“Gillard, McLelland, need to disclose all the assistance they have afforded foreign countries against Australians involved in WikiLeaks, and the Australian registration of WikiLeaks as an entity,” Mr Assange said.

He also elaborated on claims that London newspaper The Guardian had breached agreements they had made with WikiLeaks not to publish material the website had given them as a back-up copy.

Mr Assange said he had been aware the US intelligence sector was “pulling favours” from around the world and thought they would be able to prevent publication of this material.

Mr Assange gave a back-up copy to The Guardian to be used if WikiLeaks could no longer publish it.

A written contract between the Guardian and WikiLeaks allowed them to view the material but not to publish it or give it to anyone else.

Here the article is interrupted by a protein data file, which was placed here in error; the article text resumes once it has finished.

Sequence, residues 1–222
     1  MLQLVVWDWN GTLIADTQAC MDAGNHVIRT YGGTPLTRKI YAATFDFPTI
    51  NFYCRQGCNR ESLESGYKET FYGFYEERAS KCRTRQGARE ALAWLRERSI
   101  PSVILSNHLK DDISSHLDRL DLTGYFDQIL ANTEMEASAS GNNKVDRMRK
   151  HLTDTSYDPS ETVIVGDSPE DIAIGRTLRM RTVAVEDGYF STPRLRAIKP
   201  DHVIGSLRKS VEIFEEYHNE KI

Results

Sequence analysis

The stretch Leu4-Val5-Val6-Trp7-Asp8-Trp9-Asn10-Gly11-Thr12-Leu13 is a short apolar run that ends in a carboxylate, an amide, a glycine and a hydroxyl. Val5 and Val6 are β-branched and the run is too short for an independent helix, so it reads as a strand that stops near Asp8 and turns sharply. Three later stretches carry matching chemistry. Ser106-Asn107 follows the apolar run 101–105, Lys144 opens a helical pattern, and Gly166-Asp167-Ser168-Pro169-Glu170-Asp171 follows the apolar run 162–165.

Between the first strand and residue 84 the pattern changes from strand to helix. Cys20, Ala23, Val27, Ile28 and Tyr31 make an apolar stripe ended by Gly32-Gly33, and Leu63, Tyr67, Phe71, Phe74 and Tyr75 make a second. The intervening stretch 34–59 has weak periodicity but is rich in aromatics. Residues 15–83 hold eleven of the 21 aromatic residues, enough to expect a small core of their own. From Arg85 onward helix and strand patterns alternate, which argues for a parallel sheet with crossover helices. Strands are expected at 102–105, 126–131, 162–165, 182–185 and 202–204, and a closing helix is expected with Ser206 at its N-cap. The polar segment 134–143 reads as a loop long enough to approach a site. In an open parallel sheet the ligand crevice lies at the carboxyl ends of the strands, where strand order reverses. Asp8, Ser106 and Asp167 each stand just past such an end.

However, Mr Assange said the UK paper went ahead and gave copies to the New York Times and published some of the material itself.

While he has expressed a desire to return to Australia, Mr Assange said it won’t stop him publishing more material on his home country that involved “a number of large companies and politics, international politics”.